Good morning everyone. Today’s blog post is written by my friend Matthew. He is a car enthusiast and loves going on road trips. Here are some of his favorite road trips in the United States, and I added my favorite road trip from my recent trip to Maui. Enjoy the blog post and leave any comments or questions below. Have a great day everyone!
As drivers, we sometimes want to just hit the road and experience the wonders that our country has to offer. There are road trips available for all different tastes, from those who crave challenging drives to those who just want to enjoy beautiful scenery. We’ve highlighted a few of the best routes in America; the next time you want to enjoy a drive, consider taking one of these road trips.
The Overseas Highway is the ideal road trip for ocean fans; not only will you see amazing views of the ocean, you’ll also have a chance to see stunning coral reefs as you travel through the Florida Keys. The 113-mile trip runs between Miami and Key West and consists of 42 overseas bridges. During the trip, drivers will see a large collection of wildlife, including ospreys, Key deer and the American crocodile. If you’re a movie buff, the Seven Mile Bridge segment of the trip may seem familiar to you; it’s been featured in a list of films, including “Mission Impossible 3” and “2 Fast 2 Furious.” The Overseas Highway offers plenty of places for you to get out and stretch your legs. If you want to learn more about Key deer, the National Key Deer Refuge is a good place to start. Bahia Honda State Park offers great ocean views and beautiful beaches.
Tail of the Dragon
Tail of the Dragon is an exciting road trip that will test your driving skills and satisfy your taste for a thrill. The road is part of U.S. Route 129 and traverses across the Tennessee and North Carolina borders. This route is only 11 miles long and features an astounding 318 curves, making it a popular destination for drivers and motorcyclists alike. This is not a road for the inexperienced; tight and frequent curves offer great excitement, but you need to use good sense and caution to avoid an unfortunate incident. Movie buffs may recognize a familiar dam near the start of the route; it’s the very same dam that played a significant role in the Harrison Ford movie, “The Fugitive.” The road itself features some decorative dragons for drivers to appreciate, and a lake overlook awaits drivers at the top of the road.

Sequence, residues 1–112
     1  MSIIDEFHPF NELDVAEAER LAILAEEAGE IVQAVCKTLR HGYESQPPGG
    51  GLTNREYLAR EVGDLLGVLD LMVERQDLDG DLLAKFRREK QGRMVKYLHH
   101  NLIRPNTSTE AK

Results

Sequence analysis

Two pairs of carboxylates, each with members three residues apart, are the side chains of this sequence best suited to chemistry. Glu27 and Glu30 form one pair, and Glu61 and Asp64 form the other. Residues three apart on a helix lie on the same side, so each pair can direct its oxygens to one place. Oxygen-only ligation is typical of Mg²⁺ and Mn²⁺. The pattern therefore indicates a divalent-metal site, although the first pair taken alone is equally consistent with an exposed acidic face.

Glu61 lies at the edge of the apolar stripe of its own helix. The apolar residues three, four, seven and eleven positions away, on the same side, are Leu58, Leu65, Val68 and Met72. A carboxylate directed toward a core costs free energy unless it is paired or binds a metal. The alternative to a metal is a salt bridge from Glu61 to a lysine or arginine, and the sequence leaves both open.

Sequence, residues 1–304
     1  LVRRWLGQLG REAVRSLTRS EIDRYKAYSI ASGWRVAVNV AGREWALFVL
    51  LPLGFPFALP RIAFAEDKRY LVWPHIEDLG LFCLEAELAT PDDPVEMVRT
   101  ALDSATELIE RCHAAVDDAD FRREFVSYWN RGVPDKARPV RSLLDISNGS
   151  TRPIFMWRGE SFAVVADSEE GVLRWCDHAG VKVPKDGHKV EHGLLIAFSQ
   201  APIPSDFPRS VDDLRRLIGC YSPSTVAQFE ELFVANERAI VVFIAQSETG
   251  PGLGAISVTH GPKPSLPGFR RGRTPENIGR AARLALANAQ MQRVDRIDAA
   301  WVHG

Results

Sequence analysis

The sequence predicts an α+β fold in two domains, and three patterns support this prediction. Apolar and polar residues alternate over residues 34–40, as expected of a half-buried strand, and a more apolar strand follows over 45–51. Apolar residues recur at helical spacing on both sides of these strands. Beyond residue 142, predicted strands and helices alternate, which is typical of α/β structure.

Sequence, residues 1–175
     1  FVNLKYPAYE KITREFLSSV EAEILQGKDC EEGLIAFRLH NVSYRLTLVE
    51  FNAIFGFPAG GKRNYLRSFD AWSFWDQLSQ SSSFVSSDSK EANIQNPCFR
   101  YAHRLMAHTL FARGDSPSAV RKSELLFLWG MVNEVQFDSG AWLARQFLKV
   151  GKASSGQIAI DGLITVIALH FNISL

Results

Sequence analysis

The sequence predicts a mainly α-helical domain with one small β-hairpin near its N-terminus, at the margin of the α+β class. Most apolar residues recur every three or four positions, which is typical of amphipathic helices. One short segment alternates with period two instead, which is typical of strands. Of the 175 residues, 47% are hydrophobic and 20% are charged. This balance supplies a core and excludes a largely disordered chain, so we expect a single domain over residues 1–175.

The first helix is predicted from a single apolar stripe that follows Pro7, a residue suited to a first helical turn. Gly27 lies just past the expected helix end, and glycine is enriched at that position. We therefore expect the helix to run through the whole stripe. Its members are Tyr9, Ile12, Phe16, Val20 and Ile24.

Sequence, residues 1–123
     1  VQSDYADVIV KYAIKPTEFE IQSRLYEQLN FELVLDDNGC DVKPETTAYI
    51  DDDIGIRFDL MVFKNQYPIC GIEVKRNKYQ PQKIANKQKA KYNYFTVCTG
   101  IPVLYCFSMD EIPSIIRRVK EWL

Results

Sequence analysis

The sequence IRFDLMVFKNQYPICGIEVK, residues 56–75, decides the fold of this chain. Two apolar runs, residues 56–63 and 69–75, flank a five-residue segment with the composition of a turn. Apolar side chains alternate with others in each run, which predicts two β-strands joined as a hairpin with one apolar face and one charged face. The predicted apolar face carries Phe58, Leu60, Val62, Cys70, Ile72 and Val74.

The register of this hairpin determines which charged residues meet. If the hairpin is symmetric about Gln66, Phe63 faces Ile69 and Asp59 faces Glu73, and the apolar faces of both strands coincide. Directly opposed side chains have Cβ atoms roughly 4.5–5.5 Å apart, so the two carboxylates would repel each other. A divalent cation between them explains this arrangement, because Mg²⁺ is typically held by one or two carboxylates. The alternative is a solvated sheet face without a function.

Massachusetts: From Boston to the Berkshires
For those wishing to travel through Massachusetts on a rambling and peaceful route, taking a road trip from Boston to the Berkshires may be for you. Near the beginning of the route, visitors can see President John F. Kennedy’s childhood home, now a historical site. A few miles down the path sits the Wayside Inn, a location that was immortalized in poetry by Henry Wadsworth Longfellow. Poetry lovers may also enjoy a trip to Amherst. This city is the home of the Emily Dickinson Museum, which includes the house she grew up in. Nature fans will also enjoy this tour. The entire journey is about 121 miles and will take about six hours to complete.
Venture down the Historic Apache Trail
Adventurous drivers who don’t mind a little challenge can experience breathtaking desert vistas on the 115-mile Historic Apache Trail. The highlight of the trail is the 22-mile unpaved section, which separates the day-trippers from the dedicated adventurers. Along this road trip, which stretches between the towns of Mesa and Globe in Arizona, you’ll experience a number of great attractions. The start of your journey will be marked by a series of historic motels and castle rocks. In the town of Apache Junction, enjoy the legendary food at the Café at Tortilla Flats. Soon afterwards, you’ll run out of pavement as you head towards Fish Creek and the other attractions of the Apache Trail. The Tonto National Monument and the Besh-ba-Gowah Archaeological Park both offer ancient cliff dwellings that you can see in person.